Today’s Reading: John 12:44-50
Fifteen months1 after John the Baptist was imprisoned, Herod Antipas — the son of Herod the Great who reigned at the time of Jesus’ birth — beheaded John to save face at a banquet.2 John’s decrease was now complete. All eyes turned to Jesus. Matthew recorded that, “When Jesus heard what had happened, he withdrew by boat privately to a solitary place” (Matthew 14:13). In the manna-for-multitudes and gravity-defying miracles that follow, it is easy for us to overlook and underestimate Jesus’ grief. But after Jesus healed and fed the thousands who awaited Him in the no-longer-solitary place and before Jesus and Peter walked on water in a storm, Jesus made the disciples get into the boat and go on ahead of Him to the other side, while He dismissed the crowd. After He had dismissed them, He went up on a mountainside by Himself to pray. Later that night, He was there alone. (Matthew 14:22-23)
At this point in Jesus’ life, few remained alive of those who had witnessed His angel-celebrated birth and grasped at least in part the heavenly weight of His messianic anointing. Zechariah and Elizabeth, righteous Simeon and the prophetess Anna, the Magi, the shepherds, and probably even Joseph had died. The crowds were curious as well as clueless. The disciples were devoted as long as there was little danger. But John knew who Jesus was. John attested to Jesus’ divine Son-ship when he leaped in Elizabeth’s womb at the sound of Mary’s greeting, when he baptized Jesus and heard God’s voice through the open heavens at the Jordan, and when he asked Jesus to confirm His identity from within the prison that would be John’s last home on earth.
Now, John was gone and Jesus needed solitude to pray.
John’s death marks a turn toward the cross in Jesus’ ministry. From this point forward, Jesus more intensely taught upon and demonstrated the revolutionary nature of His “upside down” kingdom.3 Consequently, the religious tension that eventually nailed Him to the cross dramatically escalated. Alone on that mountain, as Jesus grieved John’s death, He anticipated His own.
We have never reaped such a harvest from any seed as from that which fell from our hands while tears were falling from our eyes . ~ C. H. Spurgeon (1834–1892)4[God] draws the curtain about the bed of His chosen sufferer and, at the same time, He withdraws another curtain which before concealed His Glory! ~ C. H. Spurgeon (1834–1892)5
Bring to mind the names and faces of loved ones who have died. What deposits did they make in your life? How did you feel when you first learned of their deaths? Allow your experiences to infuse feeling into the written account of Jesus’ prayerful mourning on the mountainside.
Today’s Fast: Speeding Past Sorrow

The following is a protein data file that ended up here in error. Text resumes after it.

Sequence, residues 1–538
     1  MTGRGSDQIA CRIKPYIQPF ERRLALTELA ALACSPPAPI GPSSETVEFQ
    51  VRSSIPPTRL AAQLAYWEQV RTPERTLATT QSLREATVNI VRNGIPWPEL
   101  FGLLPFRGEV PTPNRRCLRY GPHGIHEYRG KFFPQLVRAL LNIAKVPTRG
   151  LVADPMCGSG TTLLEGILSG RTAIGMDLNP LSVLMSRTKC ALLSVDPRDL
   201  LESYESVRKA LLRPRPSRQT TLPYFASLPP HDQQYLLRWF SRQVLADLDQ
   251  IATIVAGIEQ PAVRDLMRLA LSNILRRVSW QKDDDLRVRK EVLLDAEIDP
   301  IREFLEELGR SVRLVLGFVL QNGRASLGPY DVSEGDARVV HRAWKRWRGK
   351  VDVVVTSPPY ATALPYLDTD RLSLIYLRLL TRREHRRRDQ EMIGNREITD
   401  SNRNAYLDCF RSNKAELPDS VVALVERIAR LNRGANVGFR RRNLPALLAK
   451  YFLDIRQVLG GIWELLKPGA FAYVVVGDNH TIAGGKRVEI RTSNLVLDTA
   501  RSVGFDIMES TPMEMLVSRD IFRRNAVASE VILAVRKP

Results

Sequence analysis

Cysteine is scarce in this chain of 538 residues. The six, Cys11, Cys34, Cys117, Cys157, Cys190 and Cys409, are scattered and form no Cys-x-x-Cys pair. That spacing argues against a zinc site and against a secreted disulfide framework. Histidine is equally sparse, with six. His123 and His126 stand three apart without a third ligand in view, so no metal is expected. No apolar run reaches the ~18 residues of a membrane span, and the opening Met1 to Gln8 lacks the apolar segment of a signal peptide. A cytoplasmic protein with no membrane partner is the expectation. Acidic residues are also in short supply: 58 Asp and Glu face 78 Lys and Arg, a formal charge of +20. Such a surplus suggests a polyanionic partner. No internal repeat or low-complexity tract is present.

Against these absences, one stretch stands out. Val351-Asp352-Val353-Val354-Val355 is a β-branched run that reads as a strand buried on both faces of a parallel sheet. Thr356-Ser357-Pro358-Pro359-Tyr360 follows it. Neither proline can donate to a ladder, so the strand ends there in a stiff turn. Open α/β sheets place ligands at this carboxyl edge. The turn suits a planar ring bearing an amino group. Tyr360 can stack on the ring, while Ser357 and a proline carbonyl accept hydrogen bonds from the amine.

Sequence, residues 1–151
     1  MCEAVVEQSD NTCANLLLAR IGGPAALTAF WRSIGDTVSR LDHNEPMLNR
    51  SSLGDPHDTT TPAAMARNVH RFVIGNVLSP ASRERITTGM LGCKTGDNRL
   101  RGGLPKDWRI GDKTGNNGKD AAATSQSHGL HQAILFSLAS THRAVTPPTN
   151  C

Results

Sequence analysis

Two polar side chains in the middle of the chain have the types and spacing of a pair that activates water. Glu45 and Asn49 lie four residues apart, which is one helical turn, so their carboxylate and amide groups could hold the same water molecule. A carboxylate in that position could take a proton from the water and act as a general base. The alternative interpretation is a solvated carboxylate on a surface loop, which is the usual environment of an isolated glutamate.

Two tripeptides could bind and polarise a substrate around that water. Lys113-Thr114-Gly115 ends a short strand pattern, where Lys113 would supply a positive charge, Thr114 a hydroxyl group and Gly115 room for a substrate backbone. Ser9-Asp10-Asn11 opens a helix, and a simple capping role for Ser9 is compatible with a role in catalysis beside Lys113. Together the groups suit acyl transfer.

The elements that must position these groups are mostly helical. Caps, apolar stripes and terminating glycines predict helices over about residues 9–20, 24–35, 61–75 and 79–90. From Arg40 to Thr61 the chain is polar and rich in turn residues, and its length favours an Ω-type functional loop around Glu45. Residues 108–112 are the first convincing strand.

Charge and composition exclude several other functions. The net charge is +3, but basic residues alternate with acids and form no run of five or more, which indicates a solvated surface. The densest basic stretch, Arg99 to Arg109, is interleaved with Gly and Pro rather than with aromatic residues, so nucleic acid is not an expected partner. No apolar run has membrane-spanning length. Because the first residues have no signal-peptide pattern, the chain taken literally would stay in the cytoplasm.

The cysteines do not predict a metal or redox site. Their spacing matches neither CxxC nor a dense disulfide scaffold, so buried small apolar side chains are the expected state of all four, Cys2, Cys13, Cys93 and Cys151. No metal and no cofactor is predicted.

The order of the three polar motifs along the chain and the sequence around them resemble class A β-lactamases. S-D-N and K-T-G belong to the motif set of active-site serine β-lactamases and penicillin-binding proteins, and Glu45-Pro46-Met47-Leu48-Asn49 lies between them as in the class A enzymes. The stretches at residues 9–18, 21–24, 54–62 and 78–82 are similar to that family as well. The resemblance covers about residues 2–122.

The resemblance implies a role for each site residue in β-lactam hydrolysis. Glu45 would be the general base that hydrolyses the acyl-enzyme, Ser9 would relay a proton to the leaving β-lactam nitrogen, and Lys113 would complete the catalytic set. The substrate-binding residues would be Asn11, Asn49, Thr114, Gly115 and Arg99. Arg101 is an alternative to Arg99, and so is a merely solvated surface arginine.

Jesus sets an example for us all to sit with our sorrow. He could have easily kept moving in an attempt to distance Himself from sadness. Instead, Jesus sent everyone away and carved out space to pray in solitude. Deaths are defining moments in our lives. It serves us poorly to hurry past them. Today, honor the losses in your life. Instead of speeding past sadness, slow down and be present to your emotions. With Jesus, sit with your sorrow and let loss do its eternal work in your soul.
- Since dates of antiquity are understandably difficult to assert with certainty, Throughout 40 Days of Decrease, I have chosen to reference time between events, as there seems to be more scholarly agreement with regard to the general ordering of events than the precise dating of events. Johnston, Ellisen, and Cheney suggest the dates of December AD 29 for John’s imprisonment and March AD 31 for John’s beheading, hence my estimate of fifteen months. See Johnston M. Cheney and Stanley A. Ellisen, Jesus Christ the Greatest Life: A Unique Blending of the Four Gospels, Logos Edition (Eugene, OR: Paradise Publishing Inc., 1999), 47, 65.
- See Matthew 14:3-12 and Mark 6:14-29.
- H. Spurgeon, The Saint and His Saviour: The Progress of the Soul in the Knowledge of Jesus (1857; repr., London: Hodder and Stoughton, 1889), 419.
- Gayle Erwin, The Jesus Style (Cathedral City, CA: Yahshua Publishing, 2011), Kindle edition, loc. 113.
- H. Spurgeon, “The Pitifulness of the Lord the Comfort of the Afflicted,” Bible Hub Online Bible Study Suite, accessed June 3, 2015, http://biblehub .com/sermons/auth/spurgeon/the_pitifulness_of_the_lord_the_comfort _of_the_aff licted.htm.
Excerpted with permission from 40 Days of Decrease by Alicia Britt Chole, copyright Alicia Britt Chole.
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There’s comfort in the fact that our Jesus knew grief. He endured times of great loss and suffering like when His cousin John — the one who prepared the way for Him — was brutally murdered. If you’re in a time of grief, let Him join you in it because He has so much empathy for you. Come share your thoughts with us on our blog. We want to hear from you! ~ Devotionals Daily